Wisdom Tooth Extraction

By:    Published: September 18, 2012

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Whether you’re facing it in your late teens or your older adult years, getting your wisdom teeth pulled can be annoying or even intimidating. Fortunately, this common procedure is nothing to be scared of, and it can help prevent future dental problems. Learn more about wisdom tooth extraction, including what to expect during the surgery and your recovery period.

Why You Need It

In some cases, wisdom teeth (the third molars) never develop or don’t cause any dental issues. However, many people’s wisdom teeth become impacted, meaning that they don’t have enough room to grow normally within the mouth. These impacted wisdom teeth can grow at odd angles or partially erupt from the gums. They need to be removed in order to prevent future dental problems that can result from impacted wisdom teeth, such as:

  • Infections
  • Pain
  • Damage to adjacent teeth
  • Damage to surrounding bone
  • Cysts forming around the wisdom teeth
  • Problems with orthodontic treatments used to straighten the other teeth
  • Susceptibility to tooth cavities and gum disease

When the wisdom teeth are impacted, many dental professionals recommend getting them removed at a younger age if possible. Waiting too long may allow for more dental issues to develop, and older adults may have more difficulty recovering from the surgery. In addition, the roots are not completely formed yet and the surrounding bone is softer when the patient is younger, making it easier to remove the teeth.

What To Expect

During the surgery, patients are generally given either a sedation anesthesia (which causes you to sleep through the procedure) or a local anesthesia (which numbs the jaw and the mouth). In either case, it’s a good idea to arrange for someone else to drive you home after the procedure in case your anesthesia has not completely worn off.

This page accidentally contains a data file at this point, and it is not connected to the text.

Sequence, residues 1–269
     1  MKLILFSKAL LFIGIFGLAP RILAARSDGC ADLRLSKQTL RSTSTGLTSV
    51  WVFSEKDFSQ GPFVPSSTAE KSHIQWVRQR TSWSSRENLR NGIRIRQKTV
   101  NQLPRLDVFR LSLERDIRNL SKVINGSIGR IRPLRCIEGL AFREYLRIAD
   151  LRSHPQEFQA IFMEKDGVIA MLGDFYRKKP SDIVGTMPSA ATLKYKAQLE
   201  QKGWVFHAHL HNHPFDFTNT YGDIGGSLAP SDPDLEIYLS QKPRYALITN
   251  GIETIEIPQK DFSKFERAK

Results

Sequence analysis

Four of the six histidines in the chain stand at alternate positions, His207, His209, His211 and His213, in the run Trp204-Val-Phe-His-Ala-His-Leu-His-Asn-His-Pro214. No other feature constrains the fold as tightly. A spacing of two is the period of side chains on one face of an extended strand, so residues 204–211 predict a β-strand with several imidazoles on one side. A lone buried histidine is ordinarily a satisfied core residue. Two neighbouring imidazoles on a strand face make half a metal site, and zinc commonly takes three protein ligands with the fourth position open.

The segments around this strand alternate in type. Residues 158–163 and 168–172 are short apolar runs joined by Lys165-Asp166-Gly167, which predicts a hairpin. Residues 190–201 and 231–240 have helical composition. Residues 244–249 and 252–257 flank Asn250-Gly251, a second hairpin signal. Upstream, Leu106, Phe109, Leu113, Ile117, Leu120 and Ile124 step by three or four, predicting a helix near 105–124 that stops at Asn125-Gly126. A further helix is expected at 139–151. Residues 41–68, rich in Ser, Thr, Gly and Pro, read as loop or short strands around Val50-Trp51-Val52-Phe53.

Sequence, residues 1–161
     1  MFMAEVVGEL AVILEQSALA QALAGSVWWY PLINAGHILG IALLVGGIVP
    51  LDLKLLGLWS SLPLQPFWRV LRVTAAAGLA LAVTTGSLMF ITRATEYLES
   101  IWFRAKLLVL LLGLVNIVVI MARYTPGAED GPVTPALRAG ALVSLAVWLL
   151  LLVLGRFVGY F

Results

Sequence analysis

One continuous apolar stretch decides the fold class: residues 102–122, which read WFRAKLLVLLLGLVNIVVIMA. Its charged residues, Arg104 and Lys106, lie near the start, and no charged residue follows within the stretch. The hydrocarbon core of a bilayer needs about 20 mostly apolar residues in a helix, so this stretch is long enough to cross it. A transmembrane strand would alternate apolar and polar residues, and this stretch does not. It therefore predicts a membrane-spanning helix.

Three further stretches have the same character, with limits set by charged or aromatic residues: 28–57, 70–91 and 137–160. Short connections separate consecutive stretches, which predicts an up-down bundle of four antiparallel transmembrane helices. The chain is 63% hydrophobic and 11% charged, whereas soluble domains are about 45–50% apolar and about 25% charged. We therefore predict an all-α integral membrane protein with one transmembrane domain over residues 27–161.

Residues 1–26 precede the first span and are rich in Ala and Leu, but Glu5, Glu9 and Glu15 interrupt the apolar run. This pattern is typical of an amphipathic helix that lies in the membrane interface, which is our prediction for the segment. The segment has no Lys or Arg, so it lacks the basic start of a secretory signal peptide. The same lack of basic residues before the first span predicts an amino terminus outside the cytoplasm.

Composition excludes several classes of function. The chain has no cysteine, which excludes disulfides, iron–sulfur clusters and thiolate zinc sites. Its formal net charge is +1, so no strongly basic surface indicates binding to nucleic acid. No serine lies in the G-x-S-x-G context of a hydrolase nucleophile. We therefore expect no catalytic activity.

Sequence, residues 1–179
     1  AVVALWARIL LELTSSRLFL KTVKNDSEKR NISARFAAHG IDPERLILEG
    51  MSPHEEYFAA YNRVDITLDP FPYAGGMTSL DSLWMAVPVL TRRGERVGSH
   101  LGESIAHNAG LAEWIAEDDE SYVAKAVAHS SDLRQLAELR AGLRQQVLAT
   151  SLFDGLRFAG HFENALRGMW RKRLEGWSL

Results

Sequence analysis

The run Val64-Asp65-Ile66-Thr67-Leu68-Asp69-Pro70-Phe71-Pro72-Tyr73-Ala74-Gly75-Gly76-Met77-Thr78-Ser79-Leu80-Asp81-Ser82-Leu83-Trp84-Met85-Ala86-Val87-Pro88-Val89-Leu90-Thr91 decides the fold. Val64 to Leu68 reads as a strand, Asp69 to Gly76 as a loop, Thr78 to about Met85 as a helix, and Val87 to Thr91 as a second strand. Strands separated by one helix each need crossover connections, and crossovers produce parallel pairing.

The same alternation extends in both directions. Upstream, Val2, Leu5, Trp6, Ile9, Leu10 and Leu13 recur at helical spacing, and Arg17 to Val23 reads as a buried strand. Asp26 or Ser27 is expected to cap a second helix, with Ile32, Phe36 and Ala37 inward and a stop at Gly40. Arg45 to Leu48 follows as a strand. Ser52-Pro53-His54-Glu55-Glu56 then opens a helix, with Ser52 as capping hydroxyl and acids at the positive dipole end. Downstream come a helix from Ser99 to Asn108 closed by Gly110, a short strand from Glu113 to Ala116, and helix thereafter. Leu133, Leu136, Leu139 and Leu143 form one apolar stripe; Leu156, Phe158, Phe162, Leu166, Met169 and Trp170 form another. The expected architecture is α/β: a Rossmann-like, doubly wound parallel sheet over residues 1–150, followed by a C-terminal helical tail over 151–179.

Once the anesthesia has taken effect, the dentist will begin removing the gum tissue covering the wisdom teeth. Impacted teeth are often fully or partially covered in bone, which needs to be drilled through in order to get them out. Then, the dentist uses surgical instruments to loosen each tooth from connective tissue in the tooth socket. Once the wisdom teeth are out, stitches may be applied if necessary.

Recovery

Though the procedure itself is painless, many people experience some discomfort during their recovery period. Prescription medications are prescribed in order to alleviate any pain resulting from the surgery and gauze pads are used to soak up any blood coming from the gums. Don’t smoke for at least 24 hours after your procedure. Drink lots of water (without using a straw) and eat only soft foods for the first 24 hours after the surgery. Your dentist may also recommend that you rinse your mouth with warm salt water every few hours.

Most dentists advise that patients rest for at least 2 days after their wisdom tooth extraction. That includes staying home from work or school. Many people feel well enough to return to their normal activities about 48 hours after the surgery. In most cases, the discomfort after having wisdom teeth pulled is minor as long as the patient follows their medication and rest instructions from the doctor.

Side Effects and Risks

The most common side effect of wisdom tooth extraction is swelling. Almost all patients suffer from swollen cheeks after the surgery. This can be alleviated by keeping the head elevated and applying ice packs to the outside of the cheeks as necessary. Some stiffness or bruising in the face may also occur, but these symptoms usually disappear completely within a week or so.

During the first 24 hours, your gums may continue to bleed. This can be soaked up with gauze pads provided by your dentist. If you continue to bleed more than 24 hours after the surgery, contact your dentist for further instruction.

Wisdom teeth extractions are very common and rarely result in serious complications. Some risks of the procedure include:

  • Damage to the sinuses
  • Nerve damage
  • Weakening of the lower jawbone
  • Infection in the tooth socket
  • Exposure of bone when the post-surgical blood clot is dislodged from the tooth socket

Keep in mind that some dental specialists recommend that impacted wisdom teeth be left alone. These professionals believe that, unless the wisdom teeth are causing problems, the benefits of wisdom tooth extraction do not outweigh the expense and risks of the procedure. This is something you should discuss with your dentist before deciding to have your wisdom teeth removed.

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